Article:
Never Drop Your Guard

If you have followed my blog concerning my personal dealings with substance abuse and two of my sons, then you would see one of success and one of failure. I have not added to my blog for some time as the younger son who was five years in successful recovery, was doing well. He had a good job, met his fiancé and became a father to a beautiful baby boy. As they, life was good.

He and his fiancé were preparing to move back to Maryland. Both were from the Maryland area and Florida no longer was that appealing. They missed the mountains and cooler weather that was absent in Florida.  He had turned in his notice of leaving his position as a Behavioral Health Technician and was preparing to move when he had a serious automobiles accident that resulted in several fractures to his hip and multiple bumps and bruises. He was nursed back to the point where he was able to make the move although the pain had not lessened.

The family managed to move back to Maryland and he sought a pain management specialist to help provide some relief. I have to really blame my son at this point in that he did not confess that he was a recovering addict. The doctor prescribed acetaminophen and oxycodone to help deal with pain. Before long he realized he was becoming addicted and elected to enter the detox facility where he had worked. After a short stay he returned to his job in Maryland and seemed to be doing well. At least that was the impression the family had at the time.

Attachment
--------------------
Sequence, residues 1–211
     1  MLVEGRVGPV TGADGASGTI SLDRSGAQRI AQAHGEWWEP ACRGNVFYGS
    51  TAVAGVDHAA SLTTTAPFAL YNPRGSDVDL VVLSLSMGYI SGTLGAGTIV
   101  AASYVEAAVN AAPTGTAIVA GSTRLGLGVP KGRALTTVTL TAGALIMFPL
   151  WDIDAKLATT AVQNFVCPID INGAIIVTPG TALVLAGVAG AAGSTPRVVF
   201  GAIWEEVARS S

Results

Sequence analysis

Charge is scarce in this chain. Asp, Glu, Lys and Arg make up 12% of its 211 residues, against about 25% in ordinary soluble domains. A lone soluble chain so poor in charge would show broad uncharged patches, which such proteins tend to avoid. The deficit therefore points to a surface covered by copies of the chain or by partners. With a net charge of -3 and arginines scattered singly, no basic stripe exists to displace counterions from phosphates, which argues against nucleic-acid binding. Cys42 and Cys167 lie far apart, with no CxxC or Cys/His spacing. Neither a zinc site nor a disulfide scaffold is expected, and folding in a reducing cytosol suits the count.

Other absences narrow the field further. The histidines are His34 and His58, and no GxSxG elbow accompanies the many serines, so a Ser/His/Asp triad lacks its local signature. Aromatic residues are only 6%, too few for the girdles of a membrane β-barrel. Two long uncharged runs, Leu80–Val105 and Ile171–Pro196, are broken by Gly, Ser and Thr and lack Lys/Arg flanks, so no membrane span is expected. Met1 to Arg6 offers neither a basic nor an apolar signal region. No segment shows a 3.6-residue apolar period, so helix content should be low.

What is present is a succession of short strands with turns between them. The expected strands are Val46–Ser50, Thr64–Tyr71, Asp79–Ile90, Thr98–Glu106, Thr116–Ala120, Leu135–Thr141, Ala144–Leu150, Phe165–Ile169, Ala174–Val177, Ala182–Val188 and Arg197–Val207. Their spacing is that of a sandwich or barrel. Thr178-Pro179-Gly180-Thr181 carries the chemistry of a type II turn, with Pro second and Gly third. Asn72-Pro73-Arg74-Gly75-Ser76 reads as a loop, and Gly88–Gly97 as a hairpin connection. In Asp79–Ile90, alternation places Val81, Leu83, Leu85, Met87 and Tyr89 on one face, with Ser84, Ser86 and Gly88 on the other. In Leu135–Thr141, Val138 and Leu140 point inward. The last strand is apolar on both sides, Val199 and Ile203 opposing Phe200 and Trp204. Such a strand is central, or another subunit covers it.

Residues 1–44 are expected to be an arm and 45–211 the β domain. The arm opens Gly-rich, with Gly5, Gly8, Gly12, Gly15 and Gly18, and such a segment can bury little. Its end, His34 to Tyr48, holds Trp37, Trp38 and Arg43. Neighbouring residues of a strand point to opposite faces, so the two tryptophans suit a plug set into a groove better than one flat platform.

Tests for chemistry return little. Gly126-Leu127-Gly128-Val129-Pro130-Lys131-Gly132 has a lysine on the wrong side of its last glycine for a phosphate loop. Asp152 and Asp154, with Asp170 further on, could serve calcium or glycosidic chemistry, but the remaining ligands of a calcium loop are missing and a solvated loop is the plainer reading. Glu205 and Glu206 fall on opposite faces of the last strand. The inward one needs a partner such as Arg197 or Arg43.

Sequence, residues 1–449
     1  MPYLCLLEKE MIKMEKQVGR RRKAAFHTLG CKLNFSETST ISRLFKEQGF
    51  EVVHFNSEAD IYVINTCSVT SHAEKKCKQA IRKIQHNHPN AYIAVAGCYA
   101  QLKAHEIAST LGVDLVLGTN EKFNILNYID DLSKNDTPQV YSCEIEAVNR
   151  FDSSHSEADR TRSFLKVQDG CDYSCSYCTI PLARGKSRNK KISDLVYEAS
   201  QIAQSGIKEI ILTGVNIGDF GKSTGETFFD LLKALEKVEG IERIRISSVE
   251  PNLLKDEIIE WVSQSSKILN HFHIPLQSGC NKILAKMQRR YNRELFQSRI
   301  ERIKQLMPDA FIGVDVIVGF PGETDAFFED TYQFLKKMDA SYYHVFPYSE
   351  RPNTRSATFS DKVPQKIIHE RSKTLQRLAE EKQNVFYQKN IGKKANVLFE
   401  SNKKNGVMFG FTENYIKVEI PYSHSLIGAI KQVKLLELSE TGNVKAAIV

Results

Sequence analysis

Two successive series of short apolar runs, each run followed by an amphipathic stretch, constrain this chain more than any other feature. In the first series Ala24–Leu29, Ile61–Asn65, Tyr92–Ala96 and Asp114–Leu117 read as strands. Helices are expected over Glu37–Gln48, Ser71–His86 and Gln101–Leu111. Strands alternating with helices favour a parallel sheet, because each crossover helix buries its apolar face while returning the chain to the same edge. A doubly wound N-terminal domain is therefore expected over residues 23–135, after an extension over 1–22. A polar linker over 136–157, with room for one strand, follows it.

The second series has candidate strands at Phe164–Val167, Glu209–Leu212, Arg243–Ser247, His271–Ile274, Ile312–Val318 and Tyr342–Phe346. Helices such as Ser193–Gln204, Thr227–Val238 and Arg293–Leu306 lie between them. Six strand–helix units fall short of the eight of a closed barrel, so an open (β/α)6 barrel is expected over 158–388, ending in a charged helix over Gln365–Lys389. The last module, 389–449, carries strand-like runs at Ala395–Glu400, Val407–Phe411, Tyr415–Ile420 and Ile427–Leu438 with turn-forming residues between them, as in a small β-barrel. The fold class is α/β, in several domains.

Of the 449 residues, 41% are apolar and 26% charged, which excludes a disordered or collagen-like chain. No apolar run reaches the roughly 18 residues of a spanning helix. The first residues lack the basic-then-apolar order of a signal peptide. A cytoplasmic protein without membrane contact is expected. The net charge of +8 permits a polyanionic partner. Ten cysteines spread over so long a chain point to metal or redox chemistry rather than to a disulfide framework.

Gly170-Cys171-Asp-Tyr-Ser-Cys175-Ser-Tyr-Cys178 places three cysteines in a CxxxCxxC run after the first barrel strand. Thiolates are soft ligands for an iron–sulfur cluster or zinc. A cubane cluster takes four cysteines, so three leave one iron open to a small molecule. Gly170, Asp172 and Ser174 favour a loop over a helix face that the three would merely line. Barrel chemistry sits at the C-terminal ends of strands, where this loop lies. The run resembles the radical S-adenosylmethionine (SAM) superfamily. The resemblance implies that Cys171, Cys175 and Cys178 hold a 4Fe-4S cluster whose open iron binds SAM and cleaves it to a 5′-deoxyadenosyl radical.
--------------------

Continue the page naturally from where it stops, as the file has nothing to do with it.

A year or so later he and his family planned to move to South Carolina. His fiancé’s family was located there. Housing costs and the general cost of living was significantly higher in Maryland than South Carolina. A week before the move was to take place, my son sat down with his family here and confessed that he had been on street drugs since he had left the detox facility almost a year before. He had tried to self-medicate but as with most was not successful. The pain had become a lesser problem because he was working and the movement helped erase the pain. What was not erased was the need for opioids.

Again, because he knew from years of recovery that he needed help. He was admitted to a rehab facility for a twenty-eight-day period. With all the background knowledge we had from the past, twenty-eight days would not address the steps needed for successful recovery. While he was in the rehab facility, his fiancé and his son completed the move to South Carolina. He knew what steps were needed. He needed a new sponsor, to start the steps again, and start an outpatient program. Basically, he needed to start over again from ground zero. He was admitted to an outpatient program in South Carolina to start this part of his recovery. This is where things stand at the moment.

The reason for updating my blog is only to remind each of us who deal with loved ones having substance abuse problems, that this disease never rests. One episode or trigger may result in a relapse. It’s so difficult to understand why someone who can be successful for a long period of time, falls victim. I know I read years back that ninety plus percent of those having substance abuse will relapse. Knowing this it should not have surprised me. The main lesson here is that we have to be aware that this can happen. We also need to believe that those victims with a good bit of clean time will know what they have to do without your suggestions. It will help both the one addicted and those around them if each realizes what addiction is and what our role is for successful recovery. You can really do no more than support the victims and pray that they have the strength and willingness to make this most difficult journey back to recovery.

 

 

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